Friday, July 29, 2011

Statement from Tom Garfinkel

This past week, I had the honor to be part of the Joint Civilian Orientation Conference, the oldest outreach program hosted by the Secretary of Defense. Together with 38 other civilian leaders, including
a former U.S. Attorney General, Deans and Presidents of Universities, Mayors of large cities and heads
of large foundations, businesses, associations, and healthcare institutions, we spent every waking hour
for five days immersed in the rigors and experiences of the men and women of the United States Marine
Corps, Army, Navy, Air Force, and Coast Guard.

Harry S. Truman once said, "America was built on courage and an unbeatable determination to do the
job at hand." This statement profoundly describes the spirit of every one of the men and uniform we met this past week, from Generals and Admirals to Privates and Seamen.

We began our journey at a dinner in Alexandria, Virginia, on the evening of Sunday, May 1. An Army
Colonel told us about a young Lieutenant who put himself in harm's way on the battlefield by replacing
the position of the Colonel in formation after gaining intelligence that the enemy had learned of the
Colonel's location. His loyalty to his Colonel and his Country cost the young Lieutenant his life, the
victim of an enemy sniper's bullet. His wife and children now continue to pay the price of the ultimate
sacrifice. The Colonel finished his story by telling us proudly and with as much sincerity as have ever
witnessed, "I am a United States soldier, and I will die for you." As I prepared to retire for the evening,
still thinking about the young Lieutenant, I turned on the television and learned that Osama Bin Laden
was dead.

Over the course of the next five days, we spent from 0530 to 2230 learning about our military. We met
with the Joint Chiefs of Staff and Secretary of Defense Robert Gates at the Pentagon. We traveled to
Quantico, Virginia where we met the men and women of the United States Marine Corps and observed
and participated in the training of the Marines. We attended the Memorial at the Pentagon for the
victims of 9/11. We traveled to Fort Bragg, North Carolina and met with the Army Rangers and took part
in war-game simulation and training. We consumed MREs (Meals-Ready-to-Eat) for lunch with the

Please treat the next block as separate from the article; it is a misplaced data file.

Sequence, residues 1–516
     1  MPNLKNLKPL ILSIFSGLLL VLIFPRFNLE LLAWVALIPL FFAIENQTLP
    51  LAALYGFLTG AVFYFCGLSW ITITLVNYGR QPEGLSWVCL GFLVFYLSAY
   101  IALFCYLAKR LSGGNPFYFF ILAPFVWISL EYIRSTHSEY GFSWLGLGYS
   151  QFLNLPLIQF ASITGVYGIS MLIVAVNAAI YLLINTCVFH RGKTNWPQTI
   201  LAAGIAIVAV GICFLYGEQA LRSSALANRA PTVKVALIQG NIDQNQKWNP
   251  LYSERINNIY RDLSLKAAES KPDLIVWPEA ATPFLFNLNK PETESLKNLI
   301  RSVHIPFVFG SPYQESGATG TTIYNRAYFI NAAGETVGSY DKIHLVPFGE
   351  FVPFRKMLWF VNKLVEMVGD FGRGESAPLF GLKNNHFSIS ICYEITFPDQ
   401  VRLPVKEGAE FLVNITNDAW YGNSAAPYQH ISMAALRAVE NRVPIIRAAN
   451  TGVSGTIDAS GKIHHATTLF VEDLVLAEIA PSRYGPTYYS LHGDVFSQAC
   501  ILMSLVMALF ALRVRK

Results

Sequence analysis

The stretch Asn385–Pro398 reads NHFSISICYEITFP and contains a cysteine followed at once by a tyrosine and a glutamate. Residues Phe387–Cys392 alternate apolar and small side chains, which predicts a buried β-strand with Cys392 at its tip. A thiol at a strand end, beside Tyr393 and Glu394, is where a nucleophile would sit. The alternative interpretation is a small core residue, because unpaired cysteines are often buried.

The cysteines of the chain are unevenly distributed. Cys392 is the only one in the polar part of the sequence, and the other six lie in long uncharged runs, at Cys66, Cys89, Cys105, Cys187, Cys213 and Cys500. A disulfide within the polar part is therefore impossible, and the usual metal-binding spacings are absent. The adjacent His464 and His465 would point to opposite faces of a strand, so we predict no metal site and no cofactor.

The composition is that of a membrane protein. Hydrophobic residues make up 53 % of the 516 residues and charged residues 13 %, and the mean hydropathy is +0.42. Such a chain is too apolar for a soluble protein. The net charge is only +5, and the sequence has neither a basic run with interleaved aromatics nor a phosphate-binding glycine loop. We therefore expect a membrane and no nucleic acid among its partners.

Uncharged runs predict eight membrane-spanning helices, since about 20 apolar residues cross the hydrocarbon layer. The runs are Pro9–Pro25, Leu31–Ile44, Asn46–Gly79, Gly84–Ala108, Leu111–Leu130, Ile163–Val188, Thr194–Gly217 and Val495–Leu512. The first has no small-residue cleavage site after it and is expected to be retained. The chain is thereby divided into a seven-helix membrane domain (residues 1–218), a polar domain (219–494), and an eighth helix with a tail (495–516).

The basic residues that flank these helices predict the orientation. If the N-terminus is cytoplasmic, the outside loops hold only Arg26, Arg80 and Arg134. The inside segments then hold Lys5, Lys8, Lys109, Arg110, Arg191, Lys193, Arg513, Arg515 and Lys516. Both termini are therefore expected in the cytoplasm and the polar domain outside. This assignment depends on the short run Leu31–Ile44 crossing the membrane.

soldiers. We traveled to Joint Base McGuire-Dix, Lakehurst, New Jersey and learned about the Air Force
Expeditionary Center and the Air Force Ravens. We went to the Naval Submarine Base in New London,
Connecticut and learned about submarine warfare training. And we went to Coast Guard Sector Boston,
Massachusetts, and took part in Coast Guard rescue operations and search and seizure procedures.

We fired multiple types of weapons and participated in training exercises. We traveled on Air Force
planes and Marine helicopters, and we toured nuclear submarines and rode in Anti-Mine Vehicle Protection System (AMVPS) and amphibious assault vehicle (AAV) convoys. But most importantly, and certainly most impressively, we met and spent significant time with the men and women who have dedicated themselves so selflessly to service in the Marines, the Army, the Navy, the Air Free, and the Coast Guard. We learned about their way of life and why they serve. We heard their stories of courage, valor, and honor; and of hardship, loss, and sacrifice.

We heard stories about continuous and ubiquitous courage and valor that you could only imagine to
exist in Hollywood scripts; of young men in their early twenties willingly and without hesitation sacrificing their lives to save the lives of their fellow soldiers on the battlefield. We heard stories about soldiers and Marines losing limbs from Improvised Explosive Devices (IEDs). The first words out of their mouths to their comrades while lying on the ground with an arm or leg missing was always, "I'm sorry." Some of them have returned to battle to be with their fellow warriors and fight for their country; wearing prosthetic limbs. We heard stories about the proliferation of Post Traumatic Stress Disorder (PTSD) and how one soldier's son told his Dad, "I haven't seen you smile in two years."

We heard stories about being gone for six months at a time, away from families and children. We heard stories of soldiers who have missed most of their kids' childhood; and children and spouses who go without a parent or spouse for long periods of time. We heard stories of married couples going a year or more without seeing each other because they are both on multiple deployments to different places. And we heard stories of those who didn't return from deployment; of the sacrifice of life itself and the impact it has on all of those left behind.